A few years ago, I attended a conference made up of Fortune 500 companies interested in trends and best practices for functions and SS organizations. A large Fortune 50 company who implemented GBS over 10 years ago delivered the keynote presentation. I was “blown away” by how GBS had transformed their company, and how its scope had grown from Finance and IT to non-traditional areas such as Logistics and Joint Venture support, as well as delivering tremendous business value along the way. When you see the potential of GBS in action, it can be a tremendous motivator! Please take advantage of the learnings from others to help accelerate your ROI. For me personally, I did leverage the learnings from select conferences but, I also proceeded to do plenty of targeted benchmarking. We engaged more than 25 companies, with many outside our home industry. The primary focus was to share best practices, but also to get a deeper understanding of GBS optimization methods, and exchange learnings on similar “pain points”. If you are trying to improve your GBS, in addition to the above recommendations, I wholeheartedly suggest utilizing the concept of benchmarking to get some “fresh” ideas.

Next Step

In this article, I have only “skimmed the surface” in how you can take your company’s GBS to the next level. So, in my next post (3rd in the series), I will focus on one of the key improvement areas and do a deep dive on the “Importance of Strategy and Governance.”

5 Tips for Success in a Service Industry Job

As more and more manufacturing jobs leave the United States in this era of global economics, we are becoming more focused on service-oriented industries. And as you would expect, the keys to success in service industry jobs differ slightly from jobs in a factory. Here are five things you need to remember to thrive:

The Customer is Always Right: When it comes to service, the customer is always right. The business you’re employed at is there for the customer and he or she sets the terms. If their request is within the realm of the services your business offers, it’s up to you to ensure they’re satisfied.

Stay Positive: No matter how bad of a day you’re having, it’s your job to initiate a positive interaction and create and uplifting atmosphere for the customer. Stay confident and cordial while putting all personal problems out of your mind. This is easier said than done, but it’s essential to generate revenue.

Know Your Services: It doesn’t get much more embarrassing when you’re asked a question and you either freeze or utter those dreaded words, “I don’t know.” You are the resource for the customer or client: know both the essentials and the information that gets asked about most frequently. And most importantly for maintaining good appearance, never say “I don’t know.” Always say something like, “Let me check on that really quickly,” or, “That’s something I’ll have to look up. Just a moment please.”

Look Good for the Boss: I have a friend that worked in the tourism industry for an Alaska summer job a few years back. One of his most embarrassing moments was when he coordinated a ride for a couple to get to their hotel only to find out afterwards that he had just called a taxi car for the CEO. He should have gotten some special treatment and, at the very least, gotten a company car to drive him and his wife. It might sound unfair, but going the extra mile for the owner or CEO of your business is certainly good practice to earn a promotion, a raise, or at the very least positive feedback.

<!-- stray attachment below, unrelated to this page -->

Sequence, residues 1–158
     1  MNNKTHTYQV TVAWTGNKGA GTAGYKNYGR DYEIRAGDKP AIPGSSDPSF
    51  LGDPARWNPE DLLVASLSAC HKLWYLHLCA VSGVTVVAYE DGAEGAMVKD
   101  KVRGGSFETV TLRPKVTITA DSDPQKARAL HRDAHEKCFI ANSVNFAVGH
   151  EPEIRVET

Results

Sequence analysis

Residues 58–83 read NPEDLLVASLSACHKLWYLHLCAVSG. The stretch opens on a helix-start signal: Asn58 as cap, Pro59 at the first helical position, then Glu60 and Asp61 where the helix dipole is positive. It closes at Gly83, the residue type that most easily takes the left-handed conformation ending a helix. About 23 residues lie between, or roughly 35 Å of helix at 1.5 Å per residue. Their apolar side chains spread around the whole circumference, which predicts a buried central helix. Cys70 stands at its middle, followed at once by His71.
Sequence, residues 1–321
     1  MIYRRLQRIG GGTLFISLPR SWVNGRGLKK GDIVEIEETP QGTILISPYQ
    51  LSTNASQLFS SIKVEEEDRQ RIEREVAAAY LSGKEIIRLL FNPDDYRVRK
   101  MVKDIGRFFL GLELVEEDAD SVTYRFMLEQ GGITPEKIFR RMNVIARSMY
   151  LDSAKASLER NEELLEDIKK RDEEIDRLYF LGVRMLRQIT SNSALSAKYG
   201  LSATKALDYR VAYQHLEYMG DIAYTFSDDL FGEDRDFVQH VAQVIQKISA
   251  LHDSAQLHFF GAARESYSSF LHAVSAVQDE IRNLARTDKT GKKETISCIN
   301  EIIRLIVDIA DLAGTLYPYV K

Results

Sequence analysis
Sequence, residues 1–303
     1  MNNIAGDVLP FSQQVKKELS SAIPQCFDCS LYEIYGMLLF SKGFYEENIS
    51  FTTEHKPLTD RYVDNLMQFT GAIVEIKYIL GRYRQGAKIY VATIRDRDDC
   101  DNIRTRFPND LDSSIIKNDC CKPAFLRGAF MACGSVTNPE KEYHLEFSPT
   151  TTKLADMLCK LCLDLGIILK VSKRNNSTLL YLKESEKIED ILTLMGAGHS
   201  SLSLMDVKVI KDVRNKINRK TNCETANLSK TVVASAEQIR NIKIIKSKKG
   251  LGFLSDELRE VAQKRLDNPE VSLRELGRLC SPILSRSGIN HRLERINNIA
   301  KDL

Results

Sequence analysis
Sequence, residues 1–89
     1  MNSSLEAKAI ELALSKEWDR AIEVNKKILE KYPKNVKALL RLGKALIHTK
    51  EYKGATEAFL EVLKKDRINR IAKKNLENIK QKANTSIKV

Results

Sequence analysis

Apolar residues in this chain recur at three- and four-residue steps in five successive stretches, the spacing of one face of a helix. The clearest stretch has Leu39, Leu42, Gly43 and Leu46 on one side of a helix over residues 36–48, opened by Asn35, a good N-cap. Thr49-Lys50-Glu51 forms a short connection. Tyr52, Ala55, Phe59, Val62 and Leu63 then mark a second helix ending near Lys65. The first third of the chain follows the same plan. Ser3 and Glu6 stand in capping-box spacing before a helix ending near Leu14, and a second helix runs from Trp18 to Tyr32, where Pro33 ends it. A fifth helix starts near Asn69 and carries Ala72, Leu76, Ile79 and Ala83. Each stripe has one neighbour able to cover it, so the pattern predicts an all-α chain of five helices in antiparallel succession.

Be Yourself: You might have a dress code, but don’t let that stop you from letting the positive parts of your personality shine while you work. If you have the emotions of a machine while you’re on the clock, customers will notice. Put your personal spin on your job and run with it.

Attorneys and Business Services

An amazing trend over the course of the past few years – which is starting to accelerate even further – is the number of people who are going into business for themselves. This includes people who are involved in small businesses, Internet based businesses and home based businesses. If you are involved in a business of your own of one kind or another, or if you are interested in starting such a business enterprise, you will want to connect with an attorney that can provide for you appropriate business services.

Through this article you are provided an overview of what you will want to keep in mind when it comes to finding an attorney that can provide you the legal services that you will require in relation to your own business enterprise. Armed with this information you will be in the best possible position to make wise, informed and educated decisions in regard to your business venture and the legal needs of that business.

Initially, when it comes to selecting an attorney that can provide you with the legal services that you will require for your business you definitely will want to get an expert and specialist in the field. In the final analysis you cannot afford to put your business and the services that you will require in the hands of a lawyer who does not have the specific expertise that you will require.

You will also want to bear in mind that when it comes to attorneys that can provide legal services to you that there are lawyers who have now become specialists. By this it is meant there are lawyers who specialize in providing legal services to businesses in a particular industry. The fact is that the legal needs of businesses in different industries can be varied -indeed, in some instances, extremely different. Therefore, if you are in need of legal assistance relating to your business operations you would be best served by working to see if there is an attorney available who can provide you legal assistance specific to the industry in which your business is a part.

Another issue that you will want to keep in mind is that many people who are involved in owning or operating business with engage a lawyer for an extended period of time to care for all of their business related legal needs. The fact is that when running a business a person continually will find his or her self dealing or confronting legal matters and issues of different types. Therefore, having a regular attorney that can be turned to as needed can be extremely helpful.

Finally, if you are only now in the process of working to organize a business you will want to seriously consider getting an attorney involved in the process sooner rather than later… By getting an attorney involved in the organizational process when it comes to your own business venture you will be able to avoid mistakes and complications that can arise in the absence of legal direction, advice and assistance.